On April 19, 1997, in one of the most dramatic floods in U.S. history, more than 50,000 people abandoned their homes and businesses in Grand Forks, North Dakota. A nation watched as the heart of downtown, engulfed by a river, burst into flames above the water line. Like Sebastian Junger's The Perfect Storm, Red River Rising is a compelling true-life narrative about the confluence of natural forces and human error that shaped one of the greatest natural disasters in U.S. history.
Ashley Shelby tells the dramatic stories of the flood: the suspenseful, blizzard-filled spring; the difficulties scientists had in predicting the river's crest; the struggles of people who fought the rising waters and of those who marshalled the city's forces. Despite technological advances in meteorology, despite the brute force of hundreds of earth movers, despite the utter determination of thousands who built and walked the levees, the river won.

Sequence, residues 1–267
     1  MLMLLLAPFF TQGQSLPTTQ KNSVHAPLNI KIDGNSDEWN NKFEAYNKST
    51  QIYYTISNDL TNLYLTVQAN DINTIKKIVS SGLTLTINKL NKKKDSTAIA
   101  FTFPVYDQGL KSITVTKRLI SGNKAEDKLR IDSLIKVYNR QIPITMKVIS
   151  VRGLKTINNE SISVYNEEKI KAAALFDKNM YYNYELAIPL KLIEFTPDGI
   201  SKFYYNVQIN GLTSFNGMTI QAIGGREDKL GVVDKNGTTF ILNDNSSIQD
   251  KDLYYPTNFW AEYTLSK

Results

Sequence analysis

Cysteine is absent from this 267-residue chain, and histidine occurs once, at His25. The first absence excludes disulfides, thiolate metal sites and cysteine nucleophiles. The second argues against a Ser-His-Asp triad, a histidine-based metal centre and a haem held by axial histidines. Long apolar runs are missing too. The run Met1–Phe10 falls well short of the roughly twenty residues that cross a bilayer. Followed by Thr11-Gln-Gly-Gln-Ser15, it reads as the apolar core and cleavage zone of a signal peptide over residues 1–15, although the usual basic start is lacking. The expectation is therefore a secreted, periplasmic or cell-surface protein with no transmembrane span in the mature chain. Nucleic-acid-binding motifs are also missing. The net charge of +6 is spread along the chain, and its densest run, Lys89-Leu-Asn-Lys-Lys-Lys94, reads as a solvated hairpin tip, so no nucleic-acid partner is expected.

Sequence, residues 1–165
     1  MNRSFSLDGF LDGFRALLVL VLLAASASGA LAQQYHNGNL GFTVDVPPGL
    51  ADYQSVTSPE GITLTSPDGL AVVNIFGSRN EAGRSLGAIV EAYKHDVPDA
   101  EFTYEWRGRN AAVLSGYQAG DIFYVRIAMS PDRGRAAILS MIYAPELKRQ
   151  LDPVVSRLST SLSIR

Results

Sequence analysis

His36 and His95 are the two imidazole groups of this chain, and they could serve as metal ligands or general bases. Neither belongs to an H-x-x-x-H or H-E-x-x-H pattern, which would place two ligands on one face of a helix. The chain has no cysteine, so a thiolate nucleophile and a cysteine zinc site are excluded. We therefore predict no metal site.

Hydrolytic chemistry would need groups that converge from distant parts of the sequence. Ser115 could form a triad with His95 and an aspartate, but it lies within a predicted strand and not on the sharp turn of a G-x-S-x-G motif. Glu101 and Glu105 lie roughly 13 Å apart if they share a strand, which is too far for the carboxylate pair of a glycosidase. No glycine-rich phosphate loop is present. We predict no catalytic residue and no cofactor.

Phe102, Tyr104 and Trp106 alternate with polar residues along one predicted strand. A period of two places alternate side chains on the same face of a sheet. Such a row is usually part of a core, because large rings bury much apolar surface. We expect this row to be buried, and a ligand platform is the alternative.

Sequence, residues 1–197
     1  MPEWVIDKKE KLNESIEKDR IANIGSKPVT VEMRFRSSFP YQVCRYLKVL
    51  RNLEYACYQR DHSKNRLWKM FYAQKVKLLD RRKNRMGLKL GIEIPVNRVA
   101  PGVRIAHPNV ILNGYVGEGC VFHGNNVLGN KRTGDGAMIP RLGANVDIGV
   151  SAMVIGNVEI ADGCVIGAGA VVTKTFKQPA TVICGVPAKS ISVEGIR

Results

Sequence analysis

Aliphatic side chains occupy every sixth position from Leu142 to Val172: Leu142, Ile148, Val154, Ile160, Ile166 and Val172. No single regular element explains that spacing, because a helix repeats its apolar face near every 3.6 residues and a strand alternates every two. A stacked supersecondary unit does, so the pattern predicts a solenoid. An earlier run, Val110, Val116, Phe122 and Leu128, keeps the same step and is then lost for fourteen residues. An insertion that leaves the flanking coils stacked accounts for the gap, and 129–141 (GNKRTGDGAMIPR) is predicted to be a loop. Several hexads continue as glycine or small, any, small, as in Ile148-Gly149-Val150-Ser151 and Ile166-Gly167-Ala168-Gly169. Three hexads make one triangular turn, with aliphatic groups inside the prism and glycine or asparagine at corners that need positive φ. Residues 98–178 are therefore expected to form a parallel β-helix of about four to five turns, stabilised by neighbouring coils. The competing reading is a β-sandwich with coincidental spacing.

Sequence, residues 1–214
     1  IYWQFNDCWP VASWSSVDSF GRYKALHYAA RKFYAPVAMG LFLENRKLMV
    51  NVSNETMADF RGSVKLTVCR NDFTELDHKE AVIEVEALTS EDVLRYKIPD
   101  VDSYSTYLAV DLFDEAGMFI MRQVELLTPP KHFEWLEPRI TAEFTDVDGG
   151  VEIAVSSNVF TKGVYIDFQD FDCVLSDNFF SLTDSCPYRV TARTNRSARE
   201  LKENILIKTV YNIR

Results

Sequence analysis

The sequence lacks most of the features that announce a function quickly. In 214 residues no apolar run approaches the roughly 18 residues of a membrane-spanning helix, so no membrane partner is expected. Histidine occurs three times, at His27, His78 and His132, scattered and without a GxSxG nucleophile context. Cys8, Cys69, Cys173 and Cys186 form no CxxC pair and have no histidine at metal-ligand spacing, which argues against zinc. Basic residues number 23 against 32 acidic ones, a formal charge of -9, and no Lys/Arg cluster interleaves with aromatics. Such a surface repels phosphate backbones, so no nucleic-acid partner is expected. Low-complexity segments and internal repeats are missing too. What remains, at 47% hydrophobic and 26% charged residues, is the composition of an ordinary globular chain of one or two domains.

This book is a gripping story of the terrific cost of natural disasters and a fascinating portrait of how ordinary people rose to an extraordinary challenge. It is also a clear-eyed examination of the disastrous aftermath: the second-guessing and blame directed at the National Weather Service, at city and federal officials, and at the people of Grand Forks themselves as they struggled to rebuild. With empathy and penetrating intelligence, Shelby uncovers the conflicts, conspiracy theories, and recrimination that tore at the community after the waters fell. Through the powerful stories of memorable individuals Red River Rising gives us new perspective on disaster and community.